You’re a producer for twenty years producing French artists. You’re in your forties, so you have a lot of experience producing French artists. How did the idea for Piaf come to you?
You know I realized that Piaf! The Show could be interesting and would work for an international tour…not only in France, but all over the world. So I researched Piaf.
You studied about her life?
Of course. That’s very important. How can you create a show if you don’t know exactly what to reveal about an artist’s life? Piaf’s career is wonderful. It includes her singing 400 songs minimum. She composed and sang 400 songs. Sometimes she worked with composers to write songs. For example, she worked with Charles Dumont. He is the composer of No Je Ne Regrette Rien and Mon Dieu. Charles Dumont is still alive and lives in Paris. He’s a wonderful man. Have you seen the film La Vie En Rose? Do you remember the young man playing the piano for her in the film? That is Charles Dumont.
I had a meeting with him and I asked him about how well he knew Edith Piaf. I asked him to tell me about her because I wanted to produce a show about Edith Piaf. After I met with him, I met with others who knew Piaf who are still alive, for example, Ginou Richer, the personal secretary of Edith Piaf who is living in Cannes. So we did a lot of interviews with these individuals and spoke to them about the show. That is the reason why we have a production that is close to the reality of Edith Piaf’s career and the songs she sang. Then afterward we needed to find the right performer.
How long after you met Charles Dumont, the secretary, and others did it take for you to pull this information and research together to write the show and select the songs?
From the time I did the interviews and met all the individuals to do the research? One year.
Then you had to find the performer. What is the time line for this?
At the end of 2014 I finished writing the show and after that we looked for the right performer. Before that I was adrift about how to construct the show and Edith Piaf’s career, so I created a lot of smaller shows in France and we tried to create experiences about a French show and Edith Piaf and the songs of France. It was not that I decided to write the show at the end of 2014. The process was longer, say five or six years before. Little performances with Piaf songs were created. We were looking for singers. We were initiating experiences and experimenting with the goal of having a production for the one hundredth anniversary of Edith Piaf in 2015. We considered that would be the time to have a larger production about Edith Piaf’s life and career. That’s the reason I wanted to include other songs and write other parts of the show and ultimately find our Edith Piaf.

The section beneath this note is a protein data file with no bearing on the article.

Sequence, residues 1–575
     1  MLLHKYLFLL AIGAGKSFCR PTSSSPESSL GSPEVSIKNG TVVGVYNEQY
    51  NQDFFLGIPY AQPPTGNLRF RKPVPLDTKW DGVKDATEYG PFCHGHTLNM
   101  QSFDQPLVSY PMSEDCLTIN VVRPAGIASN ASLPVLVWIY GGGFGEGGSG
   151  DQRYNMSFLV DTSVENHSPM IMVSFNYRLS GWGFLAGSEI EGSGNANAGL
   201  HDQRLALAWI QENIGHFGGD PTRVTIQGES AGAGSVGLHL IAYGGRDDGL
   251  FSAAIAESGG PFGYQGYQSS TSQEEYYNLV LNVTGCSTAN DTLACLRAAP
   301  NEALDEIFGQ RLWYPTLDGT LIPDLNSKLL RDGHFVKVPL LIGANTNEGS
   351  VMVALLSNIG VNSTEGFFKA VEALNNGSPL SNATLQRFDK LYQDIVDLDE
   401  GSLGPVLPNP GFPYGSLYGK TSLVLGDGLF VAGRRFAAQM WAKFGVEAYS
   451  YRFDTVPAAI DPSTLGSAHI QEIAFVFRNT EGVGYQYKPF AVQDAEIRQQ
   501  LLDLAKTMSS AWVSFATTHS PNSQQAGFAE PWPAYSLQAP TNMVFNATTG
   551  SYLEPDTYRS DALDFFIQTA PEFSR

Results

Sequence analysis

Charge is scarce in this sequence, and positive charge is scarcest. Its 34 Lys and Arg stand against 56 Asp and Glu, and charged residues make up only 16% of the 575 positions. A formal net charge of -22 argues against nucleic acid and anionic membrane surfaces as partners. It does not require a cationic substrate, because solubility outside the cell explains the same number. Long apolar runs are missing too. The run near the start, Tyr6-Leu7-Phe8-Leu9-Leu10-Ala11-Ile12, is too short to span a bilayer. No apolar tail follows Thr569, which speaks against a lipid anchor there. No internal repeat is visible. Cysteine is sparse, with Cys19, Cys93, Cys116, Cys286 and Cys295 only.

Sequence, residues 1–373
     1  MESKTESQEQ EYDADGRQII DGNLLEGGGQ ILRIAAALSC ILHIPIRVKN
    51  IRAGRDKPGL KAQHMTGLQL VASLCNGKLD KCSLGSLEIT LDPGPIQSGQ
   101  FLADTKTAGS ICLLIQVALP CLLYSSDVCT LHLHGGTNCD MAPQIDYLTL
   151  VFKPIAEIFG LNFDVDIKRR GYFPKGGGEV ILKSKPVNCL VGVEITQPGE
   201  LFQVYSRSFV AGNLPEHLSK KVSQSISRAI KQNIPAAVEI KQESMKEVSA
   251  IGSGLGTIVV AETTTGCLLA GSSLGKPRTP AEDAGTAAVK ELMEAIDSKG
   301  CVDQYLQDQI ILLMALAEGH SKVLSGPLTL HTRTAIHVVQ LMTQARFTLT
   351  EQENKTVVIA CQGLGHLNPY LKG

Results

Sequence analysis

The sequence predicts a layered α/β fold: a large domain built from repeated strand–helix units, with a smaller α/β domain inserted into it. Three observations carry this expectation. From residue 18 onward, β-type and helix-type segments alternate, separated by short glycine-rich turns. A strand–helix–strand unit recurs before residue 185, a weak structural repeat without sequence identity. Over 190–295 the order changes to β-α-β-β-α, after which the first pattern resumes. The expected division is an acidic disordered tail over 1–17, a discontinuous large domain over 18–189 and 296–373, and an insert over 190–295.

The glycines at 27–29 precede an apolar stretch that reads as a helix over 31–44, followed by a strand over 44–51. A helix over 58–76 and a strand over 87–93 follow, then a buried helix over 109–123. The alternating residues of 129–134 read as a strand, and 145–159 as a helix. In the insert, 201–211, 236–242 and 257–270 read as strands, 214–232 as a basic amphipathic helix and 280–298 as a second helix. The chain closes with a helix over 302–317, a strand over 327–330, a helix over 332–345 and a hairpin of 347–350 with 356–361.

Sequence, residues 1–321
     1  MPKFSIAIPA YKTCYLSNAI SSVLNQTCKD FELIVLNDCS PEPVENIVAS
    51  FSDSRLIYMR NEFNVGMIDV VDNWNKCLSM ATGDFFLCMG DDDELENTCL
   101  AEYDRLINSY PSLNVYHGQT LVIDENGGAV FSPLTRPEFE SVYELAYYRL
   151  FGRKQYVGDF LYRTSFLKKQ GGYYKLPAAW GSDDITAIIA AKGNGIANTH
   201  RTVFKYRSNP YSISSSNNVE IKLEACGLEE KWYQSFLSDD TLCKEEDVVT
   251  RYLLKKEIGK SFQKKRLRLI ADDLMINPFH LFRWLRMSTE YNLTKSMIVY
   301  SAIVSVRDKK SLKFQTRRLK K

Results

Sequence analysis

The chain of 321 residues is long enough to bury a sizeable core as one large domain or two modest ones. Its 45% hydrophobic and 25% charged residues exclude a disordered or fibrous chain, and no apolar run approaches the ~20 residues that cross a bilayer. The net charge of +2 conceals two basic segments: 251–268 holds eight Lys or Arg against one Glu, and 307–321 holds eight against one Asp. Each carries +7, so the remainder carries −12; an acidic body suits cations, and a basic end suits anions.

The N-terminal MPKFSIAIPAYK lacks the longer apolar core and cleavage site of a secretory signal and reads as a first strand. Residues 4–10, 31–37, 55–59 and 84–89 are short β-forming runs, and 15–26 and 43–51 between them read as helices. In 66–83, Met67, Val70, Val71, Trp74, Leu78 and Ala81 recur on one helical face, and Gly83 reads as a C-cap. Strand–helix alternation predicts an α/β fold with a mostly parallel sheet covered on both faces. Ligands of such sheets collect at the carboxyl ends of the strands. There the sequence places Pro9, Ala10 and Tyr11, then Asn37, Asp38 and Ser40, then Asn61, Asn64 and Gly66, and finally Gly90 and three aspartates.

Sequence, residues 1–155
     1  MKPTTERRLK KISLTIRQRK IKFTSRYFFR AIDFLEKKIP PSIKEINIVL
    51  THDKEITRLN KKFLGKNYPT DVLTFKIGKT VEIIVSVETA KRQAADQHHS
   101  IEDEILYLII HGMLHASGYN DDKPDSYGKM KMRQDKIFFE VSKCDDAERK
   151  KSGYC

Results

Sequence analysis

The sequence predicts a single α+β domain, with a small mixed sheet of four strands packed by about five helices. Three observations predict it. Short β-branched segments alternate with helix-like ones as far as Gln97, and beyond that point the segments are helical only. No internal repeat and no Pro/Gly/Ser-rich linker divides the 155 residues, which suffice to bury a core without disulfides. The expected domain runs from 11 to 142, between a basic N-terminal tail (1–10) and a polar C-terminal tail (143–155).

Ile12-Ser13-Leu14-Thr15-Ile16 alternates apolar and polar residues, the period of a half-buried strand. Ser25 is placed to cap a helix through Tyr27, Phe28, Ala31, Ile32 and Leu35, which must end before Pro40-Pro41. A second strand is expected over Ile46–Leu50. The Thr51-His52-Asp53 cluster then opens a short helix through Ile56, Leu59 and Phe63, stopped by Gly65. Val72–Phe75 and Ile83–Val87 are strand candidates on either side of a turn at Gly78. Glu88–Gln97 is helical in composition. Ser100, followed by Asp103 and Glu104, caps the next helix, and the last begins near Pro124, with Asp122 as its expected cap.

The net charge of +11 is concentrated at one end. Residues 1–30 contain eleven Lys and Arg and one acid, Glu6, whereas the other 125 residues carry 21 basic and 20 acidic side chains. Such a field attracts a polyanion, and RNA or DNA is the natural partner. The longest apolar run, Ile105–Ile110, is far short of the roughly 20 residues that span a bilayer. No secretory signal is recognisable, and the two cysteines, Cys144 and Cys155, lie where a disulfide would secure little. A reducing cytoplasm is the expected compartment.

So you workshopped the idea and moved toward Piaf! The Show for a number of years. Would you say it was around 5 years?
Yes. We were perfecting the performances, because with the right singer in a different production, I saw there was a lot of potential. I don’t like the word potential. Rather, there was a lot of interest.
People love her. She is historical, yet, she speaks to today. So you are driven to find your Piaf.
Yes. In 2014, I had to have another audition because by January of 2015 we needed to be ready. So I held an audition in August 2014. There is only one Edith Piaf. There is only one possibility to have someone like her. We know we are not looking for someone to imitate Edith Piaf. We are looking for someone with personal charisma, a striking voice, who is fantastic at interpreting songs. She cannot be a Piaf mimic. For twenty years, I’ve produced a lot of singers, so I have a lot of contacts in this business. We held a lot of auditions in Paris. We are looking for the “one.” I didn’t find her.
In Paris you didn’t find anyone who would be able to take on the role?
No. I was looking for someone unique. First of all, the performer who sings Edith Piaf should be very strong, very powerful. She should be someone who represents a new generation. That is the part that carries the interest for the show. We wanted to touch the new generation with her evocation of Piaf, not only for an anniversary celebration, but to reach out to a young audience of those who love Piaf. The movie La Vie En Rose with Marion Cotillard was very influential. The film touched younger audiences, especially in New York, Los Angeles on the East and West Coast because the movie was amazing.
Cotillard was the first French actress ever to win an Academy Award. That also reinforced world-wide attention to Piaf because of all the millions who watched Cotillard’s Academy Award win. The win not only promoted the film, that attention and the movie helped us. It had the attention of millions of people, old and young people alike, who saw that Piaf’s life story is amazing.
So it happened that simultaneously, I was creating another production, Paris! The Show. It is a musical comedy using the greatest songs of the Twentieth Century. And we needed to have casting for that as well. So I am auditioning for both shows. And here comes this little girl from a little village, Puget Ville, in the South of France. She’s not famous. She comes to the audition and why not let her try out? I have my two musical directors with me, Philippe Villa and Arnaud Fuste Lambezat auditioning for Paris! The Show, not the Piaf show. And Anne Carrere sings. She sang three notes and was amazing. I knew I found my Piaf.